I’ll never forget when I received an ARC and note from Leah a few months before YOU SHOULD SEE ME IN A CROWN came out in 2020, which she signed “The future of queer (prom) YA is in good hands!”, celebrating that shared aspect of both of our books. Leah’s follows Liz, an introvert who runs for prom queen to win a college scholarship, only to start falling for one of the competing girls. Prom is an amazing backdrop for any teen drama, but something about queer prom stories are just so *chef’s kiss* with this book being evidence of that. Though Liz already knows she’s bi at the start of the book, she has to navigate how public she wants her sexuality to be when she and her crush start hitting it off, while also balancing prom prep, friendship drama, and uncertainty about life after graduation.

Sapphic Romance, In A Non-Romance Book – WE ARE OKAY by Nina LaCour

WE ARE OKAY was groundbreaking for me when I read it in 2017, because it was the first book I’d read featuring a sapphic couple that wasn’t a romance or necessarily about them ending up together. OPHELIA AFTER ALL is similar, as much of the book focuses on Ophelia developing feelings for her classmate, Talia, but the story isn’t about their romance, it’s about the impact this realization, among others in Ophelia’s family and friend group, have on her life. WE ARE OKAY follows Marin over her first winter break at college when her best friend who she hasn’t seen in months comes to visit her. The story weaves together their present struggles as the only people left on campus, the start of their friendship turning romantic, Marin’s messy relationship with her secretive grandfather, and the events that led to Marin running away to college without a proper goodbye. It’s a bittersweet book, but it heals you just as much as it hurts you, something I hope I can hear someone say about my own books someday.

Flower Power – WILD BEAUTY by Anna Marie McLemore

I don’t even remotely share Ophelia’s green thumb, but reading WILD BEAUTY made me desperately wish I could grow flowers like the Nomeolvides women, though their gifts come with the curse of losing anyone they love too deeply. When a mysterious boy who can’t remember his name arrives at their garden estate, Estrella Nomeolvides tries to help him figure out his past, leading to discoveries about her own family and their garden’s history. The floral descriptions and flowery prose in this book should be enough to demand everyone read it instantly, but there are also tragic romances and complex familial relationships to keep you entranced until the very end.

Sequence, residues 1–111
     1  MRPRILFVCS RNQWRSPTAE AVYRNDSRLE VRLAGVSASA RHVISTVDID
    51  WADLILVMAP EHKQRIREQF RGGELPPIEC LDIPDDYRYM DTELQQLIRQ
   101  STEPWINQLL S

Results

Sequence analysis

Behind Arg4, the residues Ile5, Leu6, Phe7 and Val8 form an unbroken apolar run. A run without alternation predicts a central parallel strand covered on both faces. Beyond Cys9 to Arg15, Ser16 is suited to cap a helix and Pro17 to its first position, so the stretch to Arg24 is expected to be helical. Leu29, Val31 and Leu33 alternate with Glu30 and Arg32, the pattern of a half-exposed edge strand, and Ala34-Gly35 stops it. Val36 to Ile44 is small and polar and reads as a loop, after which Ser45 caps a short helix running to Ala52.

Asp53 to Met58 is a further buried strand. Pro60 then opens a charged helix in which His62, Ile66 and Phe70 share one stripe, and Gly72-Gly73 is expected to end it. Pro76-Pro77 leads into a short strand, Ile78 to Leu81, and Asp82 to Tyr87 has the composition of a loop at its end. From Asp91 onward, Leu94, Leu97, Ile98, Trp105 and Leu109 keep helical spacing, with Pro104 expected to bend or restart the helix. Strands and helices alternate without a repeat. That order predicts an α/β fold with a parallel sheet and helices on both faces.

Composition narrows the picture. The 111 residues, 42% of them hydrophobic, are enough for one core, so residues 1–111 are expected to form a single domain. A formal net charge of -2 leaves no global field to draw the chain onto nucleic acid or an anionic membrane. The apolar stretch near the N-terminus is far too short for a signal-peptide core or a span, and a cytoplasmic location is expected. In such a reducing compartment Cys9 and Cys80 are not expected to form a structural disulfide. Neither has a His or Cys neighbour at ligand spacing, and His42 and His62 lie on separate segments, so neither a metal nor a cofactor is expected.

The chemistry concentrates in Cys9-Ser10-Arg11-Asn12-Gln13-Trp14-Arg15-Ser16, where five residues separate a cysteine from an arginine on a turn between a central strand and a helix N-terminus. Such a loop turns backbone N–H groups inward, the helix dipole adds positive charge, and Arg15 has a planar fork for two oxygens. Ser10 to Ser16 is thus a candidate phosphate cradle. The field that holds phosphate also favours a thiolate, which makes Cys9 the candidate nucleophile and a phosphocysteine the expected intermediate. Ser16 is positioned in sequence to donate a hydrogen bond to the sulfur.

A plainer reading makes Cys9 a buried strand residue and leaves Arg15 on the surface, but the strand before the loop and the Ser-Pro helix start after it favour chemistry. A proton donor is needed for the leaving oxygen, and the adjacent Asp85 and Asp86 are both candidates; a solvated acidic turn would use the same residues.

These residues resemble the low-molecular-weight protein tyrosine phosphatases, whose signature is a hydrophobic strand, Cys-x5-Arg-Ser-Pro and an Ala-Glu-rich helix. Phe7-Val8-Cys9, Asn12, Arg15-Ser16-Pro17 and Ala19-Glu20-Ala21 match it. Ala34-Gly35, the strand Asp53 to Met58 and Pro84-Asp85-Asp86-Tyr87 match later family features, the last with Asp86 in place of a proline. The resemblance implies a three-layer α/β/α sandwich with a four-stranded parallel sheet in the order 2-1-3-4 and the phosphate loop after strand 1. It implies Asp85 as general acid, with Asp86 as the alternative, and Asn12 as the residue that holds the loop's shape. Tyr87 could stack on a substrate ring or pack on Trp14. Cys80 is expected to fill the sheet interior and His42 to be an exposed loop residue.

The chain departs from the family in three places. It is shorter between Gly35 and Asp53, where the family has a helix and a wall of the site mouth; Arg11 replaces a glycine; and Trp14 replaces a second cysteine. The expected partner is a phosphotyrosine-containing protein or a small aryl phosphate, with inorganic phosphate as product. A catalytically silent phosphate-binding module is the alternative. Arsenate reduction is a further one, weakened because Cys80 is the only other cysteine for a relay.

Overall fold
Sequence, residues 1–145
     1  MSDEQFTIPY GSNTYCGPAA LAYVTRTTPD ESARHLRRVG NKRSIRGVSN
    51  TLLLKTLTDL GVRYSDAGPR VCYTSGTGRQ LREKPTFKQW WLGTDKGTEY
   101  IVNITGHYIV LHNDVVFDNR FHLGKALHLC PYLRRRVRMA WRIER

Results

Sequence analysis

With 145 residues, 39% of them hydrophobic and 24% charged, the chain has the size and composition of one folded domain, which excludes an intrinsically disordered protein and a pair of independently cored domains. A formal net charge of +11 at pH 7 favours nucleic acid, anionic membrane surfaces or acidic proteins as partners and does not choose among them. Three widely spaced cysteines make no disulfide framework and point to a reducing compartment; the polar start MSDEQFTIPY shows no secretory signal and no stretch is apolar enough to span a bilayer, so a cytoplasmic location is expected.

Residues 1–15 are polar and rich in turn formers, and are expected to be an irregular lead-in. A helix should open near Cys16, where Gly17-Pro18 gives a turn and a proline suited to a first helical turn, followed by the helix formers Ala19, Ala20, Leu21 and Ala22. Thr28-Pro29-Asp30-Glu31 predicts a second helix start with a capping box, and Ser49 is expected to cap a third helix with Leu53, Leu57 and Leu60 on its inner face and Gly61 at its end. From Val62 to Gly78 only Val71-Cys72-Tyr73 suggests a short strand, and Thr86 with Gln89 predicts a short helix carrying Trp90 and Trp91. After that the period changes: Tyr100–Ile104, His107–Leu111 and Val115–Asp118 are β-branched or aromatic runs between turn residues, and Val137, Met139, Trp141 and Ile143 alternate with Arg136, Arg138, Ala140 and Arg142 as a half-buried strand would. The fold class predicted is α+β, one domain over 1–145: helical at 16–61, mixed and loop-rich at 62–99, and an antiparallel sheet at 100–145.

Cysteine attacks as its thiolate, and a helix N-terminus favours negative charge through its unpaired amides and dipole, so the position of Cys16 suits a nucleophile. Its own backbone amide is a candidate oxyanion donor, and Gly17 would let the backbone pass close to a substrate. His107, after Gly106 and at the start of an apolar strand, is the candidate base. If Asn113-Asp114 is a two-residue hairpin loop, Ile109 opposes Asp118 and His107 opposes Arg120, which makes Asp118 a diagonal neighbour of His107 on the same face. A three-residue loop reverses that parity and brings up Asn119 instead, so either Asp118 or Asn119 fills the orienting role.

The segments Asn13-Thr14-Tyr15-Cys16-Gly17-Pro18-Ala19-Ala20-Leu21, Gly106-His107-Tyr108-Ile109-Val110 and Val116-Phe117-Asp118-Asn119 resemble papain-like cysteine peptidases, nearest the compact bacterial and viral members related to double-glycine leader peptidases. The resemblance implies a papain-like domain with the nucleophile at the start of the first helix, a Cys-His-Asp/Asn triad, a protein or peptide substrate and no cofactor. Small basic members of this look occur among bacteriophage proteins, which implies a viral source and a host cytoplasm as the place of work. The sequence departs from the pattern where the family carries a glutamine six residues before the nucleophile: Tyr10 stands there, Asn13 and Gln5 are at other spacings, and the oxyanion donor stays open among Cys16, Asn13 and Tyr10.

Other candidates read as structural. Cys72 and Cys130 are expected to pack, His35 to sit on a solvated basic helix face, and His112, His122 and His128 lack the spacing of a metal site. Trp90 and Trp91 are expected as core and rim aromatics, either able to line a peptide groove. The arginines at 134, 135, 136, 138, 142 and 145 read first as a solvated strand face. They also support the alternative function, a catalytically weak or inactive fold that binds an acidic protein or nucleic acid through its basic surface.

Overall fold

Messy, imperfect teenagers are fascinating protagonists for me to write and read about, with Ben Philippe’s books being textbooks examples of how to craft them. This voicey contemporary follows Norris, who is forced to move from Canada to Texas when his mom changes jobs, as he navigates his new school by distantly categorizing his peers. But when he finds himself befriending and unearthing the layers beneath everyone he’s tried to put in a box, he has to open himself up to real connections and all the complications that come with them. I appreciated how much care was put into rounding out all these messy characters, none more than loveably-flawed Norris, because even when they’re making terrible mistakes, you’re still rooting for them to turn things around.

Find Ophelia After All on Goodreads, Amazon, Indiebound, & The Book Depository.

About Racquel Marie

Racquel Marie grew up in Southern California where her passion for storytelling of all kinds was encouraged by her friends and big family. She received a BA in English with an emphasis in creative writing and a minor in gender and sexuality studies from the University of California, Irvine. Racquel primarily writes YA contemporaries starring queer Latine characters like herself. When not writing or reading, she loves practicing beauty and special effects makeup, watching and producing YouTube videos, and teaching herself to play ukulele in spite of her extremely long nails. You can learn more about her writing and love of books through her Twitter, @blondewithab00k. Ophelia After All is her first novel.


What is your favorite book pairing?